What appeared impossible has evolved into a remarkable project I could never have imagined. The play, ‘Decade 20’, is to be performed during the Brighton Fringe on 8th and 9th  of May – just a few tickets left if you’ve a mind for a grown up evening out away from your little ones. Because your lovely children will also one day be staging their own grown up lives away from you and you’ll need to acclimatise!

And even though I still hanker to snatch her back from the strife of life and say ‘you’re not doing it’ and bleed through the angst of those phone calls, it’s just as well not to. For our beautiful children need us to be as brave as them and let them be what they want to be.

I can’t wait to see it. And there’ll no doubt be tears of pride and yet still bewilderment on how a shy little girl could go so far!

Watch the trailer here.

Do children need forcing over shyness?

Charley and I had a jaunt out together the other day. She’s a lovely young adult now and we share grown up things together like art centres, charity treasure seeking or walks. And I always enjoy the opportunity to chat – and listen. How did she become so intelligent and astute? Sometimes I feel I’ve been overtaken!

Quite randomly we got to talking about shyness, particularly in children. She was painfully shy; pulling hat down over eyes rather than engaging with people. Hated crowds, hated people noisy places, and generally had a serious frowning face as a baby. It was a good job our first child was beaming as I might have thought it was me making her miserable.

Her Gran could get her giggling though and when she did crack out a smile the sun shone. But she was never one for leaving my legs and joining in.

Yet she recently managed a very difficult conversation with a boss. How did she get from being the shy little girl, shy big girl as well, to someone who could deal with situations like college, Uni, colleagues and bosses? As a home educating family, whose children don’t experience the affray of school, you’re often accused of failing to push them out into the big wide world. ‘They have to get used to it’ you’re told. Is this true?

It’s a dilemma for parents: How much do we push interaction and how much do we leave it to develop naturally?

Not being a parent who was comfortable with any kind of enforcement, and being shy myself, I felt very strongly I shouldn’t push. That in the right environment, with the right encouragement and a consistent demonstration, with exposure that a child feels comfortable with, you don’t need to push interaction it will develop naturally through developing confidence. And confidence comes from support and experience.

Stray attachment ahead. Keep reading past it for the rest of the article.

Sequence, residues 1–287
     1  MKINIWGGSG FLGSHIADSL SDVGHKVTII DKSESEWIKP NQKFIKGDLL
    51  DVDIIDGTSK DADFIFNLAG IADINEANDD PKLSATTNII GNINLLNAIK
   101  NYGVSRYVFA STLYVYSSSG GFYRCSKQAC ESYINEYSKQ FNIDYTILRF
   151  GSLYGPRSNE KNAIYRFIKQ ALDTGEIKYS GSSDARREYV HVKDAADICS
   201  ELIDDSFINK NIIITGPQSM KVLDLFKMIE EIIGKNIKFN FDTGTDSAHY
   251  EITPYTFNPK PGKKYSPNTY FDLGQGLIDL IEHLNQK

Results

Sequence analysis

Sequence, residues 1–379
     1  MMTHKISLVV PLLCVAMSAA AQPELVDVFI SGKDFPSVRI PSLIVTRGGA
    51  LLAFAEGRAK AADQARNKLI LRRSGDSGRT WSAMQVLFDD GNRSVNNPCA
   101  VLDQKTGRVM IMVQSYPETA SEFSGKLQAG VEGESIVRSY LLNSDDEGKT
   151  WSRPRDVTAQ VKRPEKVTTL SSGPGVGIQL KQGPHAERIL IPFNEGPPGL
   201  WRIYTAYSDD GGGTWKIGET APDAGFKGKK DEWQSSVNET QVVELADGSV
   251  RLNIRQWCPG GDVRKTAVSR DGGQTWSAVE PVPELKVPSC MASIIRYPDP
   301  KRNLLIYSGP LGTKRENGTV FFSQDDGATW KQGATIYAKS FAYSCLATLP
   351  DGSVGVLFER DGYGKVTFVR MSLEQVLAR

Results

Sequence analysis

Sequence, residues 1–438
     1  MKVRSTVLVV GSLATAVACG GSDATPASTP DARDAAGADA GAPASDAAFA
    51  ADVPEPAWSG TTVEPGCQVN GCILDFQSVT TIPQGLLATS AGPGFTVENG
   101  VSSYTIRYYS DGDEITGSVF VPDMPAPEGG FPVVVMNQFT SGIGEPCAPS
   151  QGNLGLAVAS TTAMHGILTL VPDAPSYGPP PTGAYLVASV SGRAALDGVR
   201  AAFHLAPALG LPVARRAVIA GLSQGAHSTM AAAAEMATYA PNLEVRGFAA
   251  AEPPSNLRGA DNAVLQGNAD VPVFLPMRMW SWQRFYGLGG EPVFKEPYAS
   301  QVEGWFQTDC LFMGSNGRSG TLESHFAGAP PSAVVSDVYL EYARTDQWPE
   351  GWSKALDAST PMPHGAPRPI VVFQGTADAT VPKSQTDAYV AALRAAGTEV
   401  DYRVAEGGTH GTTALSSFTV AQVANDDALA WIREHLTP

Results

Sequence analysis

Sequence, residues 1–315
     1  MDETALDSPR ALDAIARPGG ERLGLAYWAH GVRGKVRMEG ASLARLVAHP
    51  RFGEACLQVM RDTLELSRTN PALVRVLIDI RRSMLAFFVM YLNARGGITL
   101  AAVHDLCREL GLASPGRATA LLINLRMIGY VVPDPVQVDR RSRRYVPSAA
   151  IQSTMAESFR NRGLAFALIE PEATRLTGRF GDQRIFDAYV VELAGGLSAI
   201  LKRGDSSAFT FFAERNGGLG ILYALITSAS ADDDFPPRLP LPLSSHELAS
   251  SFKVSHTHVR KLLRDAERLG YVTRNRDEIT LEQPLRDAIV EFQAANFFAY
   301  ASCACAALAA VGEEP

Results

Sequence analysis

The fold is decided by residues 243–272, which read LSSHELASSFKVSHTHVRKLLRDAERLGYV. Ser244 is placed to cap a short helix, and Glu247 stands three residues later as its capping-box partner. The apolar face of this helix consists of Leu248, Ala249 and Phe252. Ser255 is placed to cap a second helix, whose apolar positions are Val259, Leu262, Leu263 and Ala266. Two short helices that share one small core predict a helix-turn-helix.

This is what Charley says about it; ‘I hated it when people approached me when I was little. I felt sick and like I wanted to cry. I was so grateful to have you as a shield if I needed it and I can look back and see now that you let it be alright if I didn’t want to talk to people. If you’d pushed me out before I was ready I would have thought you were ganging up on me as well, as that’s what it felt like. Instead I had the choice to interact or not and very young children need that protection’.

I knew that sick feeling well, so I was determined that she shouldn’t suffer the same. We are all different and all have different characteristics.

However, I knew that Charley did need to become confident in dealing with people. And I thought about certain strategies to pass on as she grew to help her over those difficult situations. I remember telling her that sometimes all you have to do is look people in the eye, say hello, then look away and they’re satisfied with that and leave you alone. I made sure that I approached people with confidence so she could copy my example (I was bluffing but she didn’t know that!) and told her about ice-breakers, where you talk about something that’s common between you – even the weather. And smiling always helps! Little tips like these she could put into practice and gain experience from using.

As we were chatting about this Charley went on to say; ‘As I got older I realised that being shy, and not being physically able to speak to people, wasn’t going to be help me progress and get where I wanted. So I had to get over it so I took courage and went for it as my confidence grew. I also wanted people to think I was approachable. Looking at people and smiling changes their responses to me and helps them relax’.

And now you wouldn’t know she was shy and she seems very good at putting people at their ease. Better than her mother probably! She certainly does when she’s photographing them – there’s no worse subject than me, but she managed it for my blog.

Yet this was a child who was not taken to toddler group, contrary to the advice of health visitors who think it’s a way of ‘socialising’ them. (That’s rubbish and you can read why in my book ‘Mumhood’). She was not sent to school. She was not forced into group situations before she was ready. She was not forced to party, mix, engage, unless she chose to, just came along as we did it, but whether she interacted was up to her.

And I wanted to write this here in support of all those painfully shy children who are forced to ‘get over it’. And all those parents who worry or who think they should be forcing their children to mix – you shouldn’t. Or that home education is going to compound the problem. It doesn’t.